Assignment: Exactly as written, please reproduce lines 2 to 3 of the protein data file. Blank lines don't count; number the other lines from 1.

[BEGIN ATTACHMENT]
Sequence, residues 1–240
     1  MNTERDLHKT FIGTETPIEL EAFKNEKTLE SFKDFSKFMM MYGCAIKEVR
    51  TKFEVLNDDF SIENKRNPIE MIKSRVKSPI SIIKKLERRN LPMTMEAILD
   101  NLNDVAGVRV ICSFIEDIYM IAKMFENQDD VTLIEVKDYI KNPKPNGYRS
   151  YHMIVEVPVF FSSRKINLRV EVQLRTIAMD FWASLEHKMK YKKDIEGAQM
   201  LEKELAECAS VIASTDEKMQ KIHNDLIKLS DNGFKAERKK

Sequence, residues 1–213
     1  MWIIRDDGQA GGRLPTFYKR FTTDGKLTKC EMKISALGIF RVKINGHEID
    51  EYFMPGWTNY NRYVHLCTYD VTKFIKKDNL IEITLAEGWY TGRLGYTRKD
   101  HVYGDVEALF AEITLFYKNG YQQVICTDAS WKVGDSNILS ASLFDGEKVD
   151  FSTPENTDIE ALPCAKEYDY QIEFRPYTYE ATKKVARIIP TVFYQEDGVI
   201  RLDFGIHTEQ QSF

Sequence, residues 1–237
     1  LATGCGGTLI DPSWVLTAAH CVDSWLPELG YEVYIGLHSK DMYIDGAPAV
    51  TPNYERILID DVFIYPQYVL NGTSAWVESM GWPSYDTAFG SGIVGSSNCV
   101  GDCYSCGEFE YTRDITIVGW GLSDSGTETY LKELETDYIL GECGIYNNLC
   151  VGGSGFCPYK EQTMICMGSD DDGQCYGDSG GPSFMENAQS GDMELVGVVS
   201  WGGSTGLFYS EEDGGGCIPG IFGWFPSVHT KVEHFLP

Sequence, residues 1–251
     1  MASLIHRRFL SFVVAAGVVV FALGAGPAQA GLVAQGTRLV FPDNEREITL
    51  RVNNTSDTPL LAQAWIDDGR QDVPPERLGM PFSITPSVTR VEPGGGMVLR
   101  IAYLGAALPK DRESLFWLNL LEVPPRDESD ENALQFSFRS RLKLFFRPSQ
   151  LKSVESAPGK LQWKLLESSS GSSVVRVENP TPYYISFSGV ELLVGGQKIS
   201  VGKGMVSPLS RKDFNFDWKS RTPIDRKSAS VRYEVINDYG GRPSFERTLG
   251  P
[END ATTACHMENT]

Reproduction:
     1  MNTERDLHKT FIGTETPIEL EAFKNEKTLE SFKDFSKFMM MYGCAIKEVR
    51  TKFEVLNDDF SIENKRNPIE MIKSRVKSPI SIIKKLERRN LPMTMEAILD